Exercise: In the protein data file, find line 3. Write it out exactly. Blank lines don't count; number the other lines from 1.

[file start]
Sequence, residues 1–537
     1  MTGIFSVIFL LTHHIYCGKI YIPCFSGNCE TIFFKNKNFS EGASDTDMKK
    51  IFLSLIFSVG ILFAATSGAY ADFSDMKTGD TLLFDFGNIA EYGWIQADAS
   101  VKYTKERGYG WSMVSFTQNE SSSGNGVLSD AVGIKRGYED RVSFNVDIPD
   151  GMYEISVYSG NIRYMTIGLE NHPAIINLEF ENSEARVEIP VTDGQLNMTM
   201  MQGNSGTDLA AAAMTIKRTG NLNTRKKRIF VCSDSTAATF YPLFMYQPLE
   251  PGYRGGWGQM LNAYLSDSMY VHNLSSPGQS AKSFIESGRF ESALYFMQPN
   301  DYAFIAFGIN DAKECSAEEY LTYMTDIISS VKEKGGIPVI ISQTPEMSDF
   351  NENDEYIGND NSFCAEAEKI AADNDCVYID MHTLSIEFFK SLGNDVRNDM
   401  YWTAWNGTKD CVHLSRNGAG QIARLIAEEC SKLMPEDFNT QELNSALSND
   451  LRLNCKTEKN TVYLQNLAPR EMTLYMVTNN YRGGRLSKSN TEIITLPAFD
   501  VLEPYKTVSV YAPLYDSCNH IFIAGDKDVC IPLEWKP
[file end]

    51  IFLSLIFSVG ILFAATSGAY ADFSDMKTGD TLLFDFGNIA EYGWIQADAS